It’s More Fun In The Philippines


By Urvi N. Shah

In the first week of August, after two months of painstaking planning and uncontained excitement, I finally found myself at the Chennai airport with twelve other students. I knew three of them by face and nine others solely by their names. We were all going to attend the University Scholars Leadership Symposium, and if I say I was scared, nervous and piqued at the prospect of spending seven days in a foreign land with them, I am sure I am not exaggerating.

Right from the start, there were signs that my experience was going to be unforgettable – the first one being how we laughed when two of our teammates discovered that they had booked their tickets as ‘children’. Trying to keep a straight face at the counter as the no-nonsense airline official made changes to their boarding passes was a hint of the good times that were yet to come. After a bumpy flight-ride with no vegetarian food and brazen air-hostesses, we landed in Manila. The view of the city from the top was no different from any other Indian city, and the ride to the hotel proved the observation.

The next morning, we were taken in buses guarded by police bikes to the Philippines International Convention Centre, a stately government building which housed a grand conference hall. As we stepped in, we were greeted in traditional Filipino by volunteers. ‘Mabuhay’, they echoed, as they welcomed us in unison. After having excitedly introduced ourselves to innumerable university students from countries like Taiwan, China, Hong Kong, Japan, Australia, Botswana and Malaysia, we slowly made our way to our seats for the opening ceremony, which gave us a glimpse of what was to come.


The Symposium consisted of five days of intense leadership lectures on social change by speakers like Bam Aquino, a young Senator of the Philippines and social entrepreneur; Pushpa Basnet, 2012 CNN Hero of the Year; Peter Baines, Corporate Social Responsibility specialist. I learned ideas and tools to use a sustainable approach in solving various developmental challenges, of which poverty seems the most insurmountable. To give us hands-on learning experience and to complement our theoretical understanding of issues, we were divided into two groups and made to take part in activities. One group was taken to a slum where they constructed a house along the lines of United Nations Human Rights Programme (a joint initiative by UN-HABITAT and the Office of the United Nations High Commissioner for Human Rights (OHCHR)). The other group was taken to a rehabilitation centre where they spent time with slum-dwelling children, centred around the United Nations Convention on Rights of a Child.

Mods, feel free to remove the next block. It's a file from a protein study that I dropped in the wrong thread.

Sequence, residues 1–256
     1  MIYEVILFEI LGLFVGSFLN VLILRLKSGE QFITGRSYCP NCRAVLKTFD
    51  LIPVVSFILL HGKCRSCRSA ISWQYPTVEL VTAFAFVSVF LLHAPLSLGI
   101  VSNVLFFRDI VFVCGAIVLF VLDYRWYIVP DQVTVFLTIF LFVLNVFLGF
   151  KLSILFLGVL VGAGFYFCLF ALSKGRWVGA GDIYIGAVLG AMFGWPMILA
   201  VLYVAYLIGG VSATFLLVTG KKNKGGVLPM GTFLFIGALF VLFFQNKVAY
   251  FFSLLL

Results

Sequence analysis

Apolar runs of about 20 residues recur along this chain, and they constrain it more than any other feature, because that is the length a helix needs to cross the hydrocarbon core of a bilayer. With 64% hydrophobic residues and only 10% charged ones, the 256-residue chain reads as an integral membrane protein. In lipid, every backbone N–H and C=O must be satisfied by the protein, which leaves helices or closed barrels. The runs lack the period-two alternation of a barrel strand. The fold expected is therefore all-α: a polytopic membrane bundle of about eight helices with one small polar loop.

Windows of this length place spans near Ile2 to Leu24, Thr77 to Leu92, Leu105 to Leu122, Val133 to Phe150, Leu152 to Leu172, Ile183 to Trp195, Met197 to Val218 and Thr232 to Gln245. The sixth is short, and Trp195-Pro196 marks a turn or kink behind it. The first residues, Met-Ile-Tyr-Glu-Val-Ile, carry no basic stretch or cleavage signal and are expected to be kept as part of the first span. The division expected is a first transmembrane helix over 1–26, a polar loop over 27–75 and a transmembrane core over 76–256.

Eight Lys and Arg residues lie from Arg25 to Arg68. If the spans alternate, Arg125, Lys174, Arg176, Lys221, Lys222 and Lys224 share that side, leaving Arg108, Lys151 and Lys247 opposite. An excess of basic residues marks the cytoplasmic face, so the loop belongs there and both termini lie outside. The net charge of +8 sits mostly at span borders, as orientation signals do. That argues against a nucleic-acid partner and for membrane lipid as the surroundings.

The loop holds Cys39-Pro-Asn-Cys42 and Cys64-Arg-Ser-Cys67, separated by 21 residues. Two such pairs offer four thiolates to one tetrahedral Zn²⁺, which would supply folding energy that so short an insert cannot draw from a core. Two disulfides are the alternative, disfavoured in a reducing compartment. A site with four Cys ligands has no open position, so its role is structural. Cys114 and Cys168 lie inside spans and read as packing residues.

Apart from these lectures and activities, Pratik Kothari, Ayush Bhargava and I took part in a Business Plan competition at the Symposium. Our entry for the competition was an idea that aimed to tackle poverty at a micro-level using community-based solutions. We placed third in the competition, and our plan was selected to receive funding. As of now we are still deliberating on the logistics of the plan, given its elaborate and time-consuming nature.

The five days of the Symposium were busy, with lectures, events and activities organised from 9 a.m. till 6 p.m. every day. But no description of my Manila experience would be complete without a note about the good times we had outside the gruelling conference. From making prank calls, to going to a casino; from ravenously searching for vegetarian food, to wolfing down breakfast at 4 a.m. after a tiring all-nighter; from trekking up a volcano and wakeboarding, to revisiting Manila’s Spanish history; from making “firang” friends, to learning how to pronounce their very difficult names; from forging ties with seniors and batchmates whom I would never have met otherwise, to learning about cultures and countries outside my own, this Symposium exceeded all my expectations. Adding credibility to the international marketing campaign of the Department of Tourism in Philippines, it is definitely more fun in the Philippines.

The team of students that represented IITM in the Symposium consisted of Adithya V. S., Ayush Bhargava, Jithin Sam Varghese, Damini Gandham, Neha Nathan, Pratik Kothari, Prithin S. Kuruvila, Raghav Tandon, Rahul Dcunha, Sanchit Mehta, Sashank Vandrangi, Subhojyoti Bakshi and Urvi N. Shah. 

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